Pre-trial discovery has unfortunately and unnecessarily become too expensive, resulting in lawyers trying far fewer cases. Colossal pre-trial discovery is now the lifeblood of “litigators,” the term adopted by discovery/motion lawyers who do not try cases. The unprecedented cost of discovery discourages clients and their lawyers from going to trial. Clients are also pressured into ADR by their “litigators,” who are too inexperienced or too scared to go to trial. What does it say about the state of the American trial lawyer that many partners in litigation firms have never actually tried a jury trial to verdict?

Judicial Philosophy Against Trying Cases

Many judges in both state and federal courts have embraced a philosophy of discouraging trials and view themselves solely as case managers. Many judges see jury trial as a burden or a “failure” of the parties to reach a resolution. Rules, policy statements and judicial expectations in many jurisdictions place emphasis on how quickly they dispose of cases, resulting in some judges pressuring parties to settle and adopting the view that a case going to trial is a failure of the system. They often profess, “a compromised settlement is always better than a great trial result.”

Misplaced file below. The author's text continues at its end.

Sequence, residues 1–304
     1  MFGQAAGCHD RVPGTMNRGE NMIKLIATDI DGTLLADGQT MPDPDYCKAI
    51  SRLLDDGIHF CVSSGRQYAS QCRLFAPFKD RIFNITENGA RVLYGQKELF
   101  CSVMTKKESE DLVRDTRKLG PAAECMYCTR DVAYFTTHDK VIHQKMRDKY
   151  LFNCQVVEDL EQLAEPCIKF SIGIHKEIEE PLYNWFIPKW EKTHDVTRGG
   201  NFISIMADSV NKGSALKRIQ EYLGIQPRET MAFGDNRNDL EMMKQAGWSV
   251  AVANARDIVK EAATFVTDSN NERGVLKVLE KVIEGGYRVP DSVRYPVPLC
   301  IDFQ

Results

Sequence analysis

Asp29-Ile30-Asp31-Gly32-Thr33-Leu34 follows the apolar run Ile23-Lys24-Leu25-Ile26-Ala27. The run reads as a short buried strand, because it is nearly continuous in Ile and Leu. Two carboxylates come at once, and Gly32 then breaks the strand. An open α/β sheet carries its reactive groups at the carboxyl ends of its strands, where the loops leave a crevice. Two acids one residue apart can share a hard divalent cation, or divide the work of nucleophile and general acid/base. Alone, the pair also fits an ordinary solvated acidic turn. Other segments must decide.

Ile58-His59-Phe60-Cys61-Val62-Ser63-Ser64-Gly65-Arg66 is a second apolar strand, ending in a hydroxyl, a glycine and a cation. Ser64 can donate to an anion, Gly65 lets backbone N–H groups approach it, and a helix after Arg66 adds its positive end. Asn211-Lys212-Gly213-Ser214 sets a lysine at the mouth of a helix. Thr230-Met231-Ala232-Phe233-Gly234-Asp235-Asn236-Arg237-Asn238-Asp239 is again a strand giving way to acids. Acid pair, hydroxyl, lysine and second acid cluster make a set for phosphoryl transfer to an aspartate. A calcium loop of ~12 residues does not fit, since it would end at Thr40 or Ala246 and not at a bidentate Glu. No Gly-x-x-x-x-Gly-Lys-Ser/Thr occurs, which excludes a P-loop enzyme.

Is that really what our country’s founders believed?

The Rise Of Summary Judgment

The rise of the use of summary judgment to dispose of cases by our judiciary has added to the decline of jury trials. There is an argument that some trial judges utilize summary judgment to manage their docket and regularly take triable cases away from juries. In the federal courts, more cases today are disposed of by summary judgment than through jury trials. Only two decades ago jury trials occurred at twice the rate that summary judgment was granted.